This year MHANYS is urging the Governor and the Legislature to:
- Provide an annual 2.9 percent cost of living adjustment (COLA) predicated on the Consumer Price Index (CPI) for all staff as of January 1, 2019 (an estimated $140 million), and;
- Develop a mental health workforce recruitment and retention incentives program including, but not limited to, tuition reimbursement benefits designed to attract people to and maintain them in the field of mental health care.
Housing: Over the past several decades the funding for the various NYSOMH sponsored/licensed/funded mental health housing programs in New York that are home to people with mental illness and those in recovery has not kept pace with inflation, rising administrative costs and the increasing demands of serving people with co-occurring conditions and the management of complicated medications regimens. New York is a national leader in caring for those with major psychiatric disabilities. However, without increased resources, many housing providers will have to consider closing or reducing the number of units to meet financial challenges.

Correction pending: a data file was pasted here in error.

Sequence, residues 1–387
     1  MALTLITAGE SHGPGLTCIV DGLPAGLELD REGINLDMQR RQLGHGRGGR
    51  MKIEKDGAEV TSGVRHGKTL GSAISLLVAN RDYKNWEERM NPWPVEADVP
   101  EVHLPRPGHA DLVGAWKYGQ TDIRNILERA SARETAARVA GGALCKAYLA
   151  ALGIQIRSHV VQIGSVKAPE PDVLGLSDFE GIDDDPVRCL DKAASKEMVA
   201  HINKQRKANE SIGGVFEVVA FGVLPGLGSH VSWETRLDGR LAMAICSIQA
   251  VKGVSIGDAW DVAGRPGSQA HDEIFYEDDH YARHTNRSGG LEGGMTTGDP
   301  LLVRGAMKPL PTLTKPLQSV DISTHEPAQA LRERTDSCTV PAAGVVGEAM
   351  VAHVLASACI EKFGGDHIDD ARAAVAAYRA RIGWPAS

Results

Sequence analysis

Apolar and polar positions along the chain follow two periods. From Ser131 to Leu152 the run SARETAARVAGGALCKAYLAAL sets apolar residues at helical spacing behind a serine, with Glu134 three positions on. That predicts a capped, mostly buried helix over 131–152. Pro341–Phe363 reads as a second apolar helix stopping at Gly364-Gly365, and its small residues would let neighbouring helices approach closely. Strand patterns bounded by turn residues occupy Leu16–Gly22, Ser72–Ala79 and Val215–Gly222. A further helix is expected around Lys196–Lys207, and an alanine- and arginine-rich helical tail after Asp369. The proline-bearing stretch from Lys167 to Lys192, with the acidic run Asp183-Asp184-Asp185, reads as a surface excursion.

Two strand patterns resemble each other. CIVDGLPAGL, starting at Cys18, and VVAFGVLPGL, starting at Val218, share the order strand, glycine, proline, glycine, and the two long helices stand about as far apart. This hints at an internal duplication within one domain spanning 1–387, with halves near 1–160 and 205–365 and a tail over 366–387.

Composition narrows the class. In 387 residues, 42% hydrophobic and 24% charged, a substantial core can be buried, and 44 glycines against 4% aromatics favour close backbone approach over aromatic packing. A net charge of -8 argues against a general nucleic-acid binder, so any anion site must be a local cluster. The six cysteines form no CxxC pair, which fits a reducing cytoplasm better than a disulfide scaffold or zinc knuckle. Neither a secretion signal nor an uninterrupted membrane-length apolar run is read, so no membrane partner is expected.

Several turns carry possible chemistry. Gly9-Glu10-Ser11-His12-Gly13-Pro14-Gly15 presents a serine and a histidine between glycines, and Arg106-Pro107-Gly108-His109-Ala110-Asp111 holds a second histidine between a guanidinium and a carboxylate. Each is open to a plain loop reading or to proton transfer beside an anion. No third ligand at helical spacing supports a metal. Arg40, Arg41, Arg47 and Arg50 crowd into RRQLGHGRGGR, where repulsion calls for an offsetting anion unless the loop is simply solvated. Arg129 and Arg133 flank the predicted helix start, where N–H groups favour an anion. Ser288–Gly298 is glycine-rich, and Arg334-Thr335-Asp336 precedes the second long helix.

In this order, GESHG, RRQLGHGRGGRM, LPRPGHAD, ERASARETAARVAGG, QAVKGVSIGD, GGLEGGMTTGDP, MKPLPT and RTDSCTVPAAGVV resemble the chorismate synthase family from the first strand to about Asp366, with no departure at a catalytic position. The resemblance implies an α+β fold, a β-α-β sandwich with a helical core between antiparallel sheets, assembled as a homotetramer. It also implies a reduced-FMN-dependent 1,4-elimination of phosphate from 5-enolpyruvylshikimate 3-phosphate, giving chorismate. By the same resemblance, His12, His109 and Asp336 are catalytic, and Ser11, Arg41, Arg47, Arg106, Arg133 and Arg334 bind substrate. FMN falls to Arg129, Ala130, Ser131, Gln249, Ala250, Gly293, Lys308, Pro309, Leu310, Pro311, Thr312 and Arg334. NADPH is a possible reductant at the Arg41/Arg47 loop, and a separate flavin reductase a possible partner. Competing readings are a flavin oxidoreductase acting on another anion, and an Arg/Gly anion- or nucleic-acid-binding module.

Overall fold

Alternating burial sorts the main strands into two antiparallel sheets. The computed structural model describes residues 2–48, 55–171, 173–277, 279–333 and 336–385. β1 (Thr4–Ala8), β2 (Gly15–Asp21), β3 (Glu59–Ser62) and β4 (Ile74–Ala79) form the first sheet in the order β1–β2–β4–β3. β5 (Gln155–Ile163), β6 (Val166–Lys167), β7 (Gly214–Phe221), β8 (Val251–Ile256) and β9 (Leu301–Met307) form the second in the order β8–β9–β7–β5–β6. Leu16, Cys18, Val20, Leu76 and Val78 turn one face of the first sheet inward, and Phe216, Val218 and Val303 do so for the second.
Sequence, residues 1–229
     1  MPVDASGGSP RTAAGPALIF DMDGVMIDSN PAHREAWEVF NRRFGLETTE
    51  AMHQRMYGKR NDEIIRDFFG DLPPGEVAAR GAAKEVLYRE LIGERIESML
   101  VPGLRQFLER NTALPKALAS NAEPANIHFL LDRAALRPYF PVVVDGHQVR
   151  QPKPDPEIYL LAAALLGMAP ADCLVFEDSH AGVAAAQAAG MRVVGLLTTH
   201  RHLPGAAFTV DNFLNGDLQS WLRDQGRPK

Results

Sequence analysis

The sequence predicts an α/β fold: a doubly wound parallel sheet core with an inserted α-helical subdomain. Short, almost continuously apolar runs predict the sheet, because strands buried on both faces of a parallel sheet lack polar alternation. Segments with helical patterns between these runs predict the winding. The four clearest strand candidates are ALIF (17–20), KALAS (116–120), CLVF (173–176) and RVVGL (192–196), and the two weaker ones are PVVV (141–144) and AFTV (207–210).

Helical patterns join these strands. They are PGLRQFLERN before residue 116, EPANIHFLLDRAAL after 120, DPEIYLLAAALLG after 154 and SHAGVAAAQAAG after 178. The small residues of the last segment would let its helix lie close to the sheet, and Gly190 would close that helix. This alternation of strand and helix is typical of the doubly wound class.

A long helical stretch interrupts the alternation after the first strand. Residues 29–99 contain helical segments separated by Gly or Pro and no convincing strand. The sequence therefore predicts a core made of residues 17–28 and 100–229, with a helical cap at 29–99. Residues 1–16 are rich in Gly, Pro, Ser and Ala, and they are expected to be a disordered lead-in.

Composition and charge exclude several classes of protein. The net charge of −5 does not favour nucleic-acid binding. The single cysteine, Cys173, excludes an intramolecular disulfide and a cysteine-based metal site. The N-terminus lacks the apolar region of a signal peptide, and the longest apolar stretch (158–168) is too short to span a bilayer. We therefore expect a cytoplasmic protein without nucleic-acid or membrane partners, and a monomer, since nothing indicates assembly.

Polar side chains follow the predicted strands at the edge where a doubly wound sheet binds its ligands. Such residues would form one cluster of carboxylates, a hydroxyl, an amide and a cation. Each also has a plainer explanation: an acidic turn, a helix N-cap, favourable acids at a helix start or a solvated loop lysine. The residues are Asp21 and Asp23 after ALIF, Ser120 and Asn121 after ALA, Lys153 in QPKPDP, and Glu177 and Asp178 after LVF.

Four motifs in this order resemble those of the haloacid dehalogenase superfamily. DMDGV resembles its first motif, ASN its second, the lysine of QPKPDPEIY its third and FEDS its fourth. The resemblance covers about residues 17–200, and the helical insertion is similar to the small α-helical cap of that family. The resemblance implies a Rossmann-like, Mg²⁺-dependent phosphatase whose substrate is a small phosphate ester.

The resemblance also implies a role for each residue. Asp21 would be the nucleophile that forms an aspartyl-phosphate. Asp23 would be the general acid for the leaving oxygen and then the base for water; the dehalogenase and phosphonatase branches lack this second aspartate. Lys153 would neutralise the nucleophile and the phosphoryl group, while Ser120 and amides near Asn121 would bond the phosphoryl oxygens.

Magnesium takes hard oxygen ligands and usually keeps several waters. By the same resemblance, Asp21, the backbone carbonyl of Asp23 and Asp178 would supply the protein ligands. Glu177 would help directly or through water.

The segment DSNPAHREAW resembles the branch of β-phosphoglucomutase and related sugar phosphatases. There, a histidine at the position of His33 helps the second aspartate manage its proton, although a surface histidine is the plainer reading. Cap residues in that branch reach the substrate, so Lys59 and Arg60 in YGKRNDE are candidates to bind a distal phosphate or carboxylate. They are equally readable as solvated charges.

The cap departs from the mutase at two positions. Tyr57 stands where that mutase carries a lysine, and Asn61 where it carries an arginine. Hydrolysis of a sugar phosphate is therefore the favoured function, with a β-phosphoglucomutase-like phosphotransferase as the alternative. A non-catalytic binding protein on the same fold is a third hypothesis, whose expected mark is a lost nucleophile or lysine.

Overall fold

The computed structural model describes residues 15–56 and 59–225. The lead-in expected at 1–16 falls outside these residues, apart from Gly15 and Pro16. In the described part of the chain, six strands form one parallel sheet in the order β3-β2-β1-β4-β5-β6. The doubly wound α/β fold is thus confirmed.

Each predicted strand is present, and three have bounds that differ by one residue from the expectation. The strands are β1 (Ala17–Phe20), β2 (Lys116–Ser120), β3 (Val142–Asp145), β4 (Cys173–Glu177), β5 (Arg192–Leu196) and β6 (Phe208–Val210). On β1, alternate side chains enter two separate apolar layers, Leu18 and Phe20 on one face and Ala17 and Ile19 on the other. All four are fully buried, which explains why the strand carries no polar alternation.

Currently, there are approximately 40,000 New Yorkers with serious psychiatric disabilities participating in these housing programs. These vulnerable residents usually enter the system from state psychiatric centers, prisons, and jails. Housing providers can receive $7,600 to $25,000 per person, per year, depending on housing model and geography – these levels are not enough for providers to provide quality care and to comply with their obligations under contract and regulations. Also, by adequately funding community-based mental health housing, our taxpayers will not have to pay for the costs of much more expensive institutionalization, hospitalization, emergency care, incarceration, and homelessness.
MHANYS joins the “Bring it Home: Better Funding for Better Care” campaign in requesting $120 million in funding structured as follows:
- Add $20 million to the $10 million that the Governor included in his proposed budget;